Coffee Stores Myrtle Beach SC

No one really knows why people react so differently to caffeine. One person's standard every-morning double latte is another person’s anxiety freak-out. Over the years, we’ve heard any number of conflicting reports on caffeine and its impact on our health, especially our hearts.

Dunkin' Donuts
(843) 626-2890
3001 N. Kings Hwy
Myrtle Beach, SC
 
Starbucks Coffee Company
(843) 444-4680
1303 Celebrity Circle E-125
Myrtle Beach, SC
 
Starbucks Coffee Company
(843) 236-4212
3735 Renee Drive
Myrtle Beach, SC
 
Starbucks Coffee Company
(843) 946-6998
1150 Seaboard St
Myrtle Beach, SC
 
Starbucks Coffee Company
(843) 448-0054
2000 Coastal Grand Circle
Myrtle Beach, SC
 
Starbucks Coffee Company
(843) 333-2100
504 N Ocean Blvd
Myrtle Beach, SC
 
Starbucks Coffee Company
(843) 839-0805
1220 Moser Dr
Myrtle Beach, SC
 
Dunkin' Donuts
(843) 236-8816
4883-a Highway 501
Myrtle Beach, SC
 
Dunkin' Donuts
(843) 916-1155
301 S. Kings Hwy
Myrtle Beach, SC
 
Dunkin' Donuts
(336) 591-4392
6222 Hwy 707
Myrtle Beach, SC
 

Caffeine Roulette

Provided by: 

By Sarah Forbes

No one really knows why people react so differently to caffeine. One person’s standard every-morning double latte is another person’s anxiety freak-out. Over the years, we’ve heard any number of conflicting reports on caffeine and its impact on our health, especially our hearts. To puzzle out the right answers, you’d probably need a whole pot of coffee just to stay awake.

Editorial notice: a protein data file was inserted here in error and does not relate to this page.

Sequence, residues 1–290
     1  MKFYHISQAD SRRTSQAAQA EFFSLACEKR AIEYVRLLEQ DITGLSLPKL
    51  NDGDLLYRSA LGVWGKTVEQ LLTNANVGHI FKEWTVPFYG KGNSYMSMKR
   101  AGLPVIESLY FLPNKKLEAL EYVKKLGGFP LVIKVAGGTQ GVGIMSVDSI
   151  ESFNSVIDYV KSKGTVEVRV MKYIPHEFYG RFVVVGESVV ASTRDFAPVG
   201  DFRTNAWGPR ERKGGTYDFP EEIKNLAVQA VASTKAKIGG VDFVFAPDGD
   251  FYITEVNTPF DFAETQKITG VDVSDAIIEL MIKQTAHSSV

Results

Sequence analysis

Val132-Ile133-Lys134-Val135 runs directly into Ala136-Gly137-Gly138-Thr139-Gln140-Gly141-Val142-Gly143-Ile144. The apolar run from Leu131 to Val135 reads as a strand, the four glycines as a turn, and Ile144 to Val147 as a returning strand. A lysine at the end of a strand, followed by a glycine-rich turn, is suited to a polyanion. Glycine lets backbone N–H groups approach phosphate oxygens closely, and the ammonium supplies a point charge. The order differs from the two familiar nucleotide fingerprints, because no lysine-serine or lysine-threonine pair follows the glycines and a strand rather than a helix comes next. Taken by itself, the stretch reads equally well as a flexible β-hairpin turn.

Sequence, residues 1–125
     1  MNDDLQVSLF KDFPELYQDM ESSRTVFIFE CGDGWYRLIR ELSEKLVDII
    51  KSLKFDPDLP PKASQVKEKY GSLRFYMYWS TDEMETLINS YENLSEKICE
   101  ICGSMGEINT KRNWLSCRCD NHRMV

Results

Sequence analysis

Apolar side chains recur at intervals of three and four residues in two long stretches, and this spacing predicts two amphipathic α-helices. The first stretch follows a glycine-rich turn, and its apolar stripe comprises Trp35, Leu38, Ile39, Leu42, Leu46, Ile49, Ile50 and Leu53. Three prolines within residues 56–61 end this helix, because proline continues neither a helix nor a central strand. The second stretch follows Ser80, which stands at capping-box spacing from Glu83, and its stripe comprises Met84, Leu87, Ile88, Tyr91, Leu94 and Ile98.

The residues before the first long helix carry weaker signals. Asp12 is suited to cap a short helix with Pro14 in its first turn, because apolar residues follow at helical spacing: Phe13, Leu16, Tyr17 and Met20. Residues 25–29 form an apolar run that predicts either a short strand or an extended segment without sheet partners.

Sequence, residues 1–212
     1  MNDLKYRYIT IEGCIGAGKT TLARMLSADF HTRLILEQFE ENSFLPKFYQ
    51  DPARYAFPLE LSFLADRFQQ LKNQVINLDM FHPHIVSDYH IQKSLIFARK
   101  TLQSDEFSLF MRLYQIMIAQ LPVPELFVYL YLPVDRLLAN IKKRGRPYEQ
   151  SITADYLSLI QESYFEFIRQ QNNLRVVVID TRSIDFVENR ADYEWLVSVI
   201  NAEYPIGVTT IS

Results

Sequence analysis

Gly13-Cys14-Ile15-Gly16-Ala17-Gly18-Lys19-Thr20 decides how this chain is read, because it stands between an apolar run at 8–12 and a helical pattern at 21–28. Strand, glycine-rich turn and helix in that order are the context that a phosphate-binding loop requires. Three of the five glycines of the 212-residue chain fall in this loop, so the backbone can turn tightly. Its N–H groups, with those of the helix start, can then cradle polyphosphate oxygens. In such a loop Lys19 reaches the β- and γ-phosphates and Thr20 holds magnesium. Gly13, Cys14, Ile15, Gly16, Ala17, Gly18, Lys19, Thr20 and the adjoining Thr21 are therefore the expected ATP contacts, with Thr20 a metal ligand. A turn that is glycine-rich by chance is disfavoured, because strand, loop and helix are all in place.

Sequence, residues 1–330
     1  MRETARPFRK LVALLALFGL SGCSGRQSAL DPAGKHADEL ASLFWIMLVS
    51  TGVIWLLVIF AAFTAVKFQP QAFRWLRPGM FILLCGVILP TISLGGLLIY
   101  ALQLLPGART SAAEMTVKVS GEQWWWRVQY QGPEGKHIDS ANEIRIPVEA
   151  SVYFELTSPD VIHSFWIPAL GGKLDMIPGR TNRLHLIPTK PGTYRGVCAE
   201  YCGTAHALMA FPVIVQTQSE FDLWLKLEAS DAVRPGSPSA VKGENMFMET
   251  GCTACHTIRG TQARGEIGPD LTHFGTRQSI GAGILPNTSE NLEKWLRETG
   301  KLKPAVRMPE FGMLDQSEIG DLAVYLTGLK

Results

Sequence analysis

A new study sheds some light on why all this research has produced such differing results. Earlier studies identified the gene that causes us to metabolize caffeine well and a variant of the same gene that doesn’t do as good a job. The version you have determines how fast your body can process the caffeine you consume. Researchers from the University of Toronto asked some 4,000 people in Costa Rica (half of whom had suffered a nonfatal heart attack) to fill out a food frequency questionnaire. Genetic testing revealed 55 percent of them to be “slow coffee metabolizers.” Of this subgroup, those who drank around two or three cuppa joes a day were 36 percent more likely to have a nonfatal heart attack than those who didn’t drink coffee.

The crazy part? The same amount of caffeine can actually be good for the hearts of those with the fast metabolizing gene. Unfortunately, you can’t know for sure to which group you belong without genetic testing. In the meantime, it’s probably best to ensure your heart’s health by keeping consumption of caffeinated items to a minimum.

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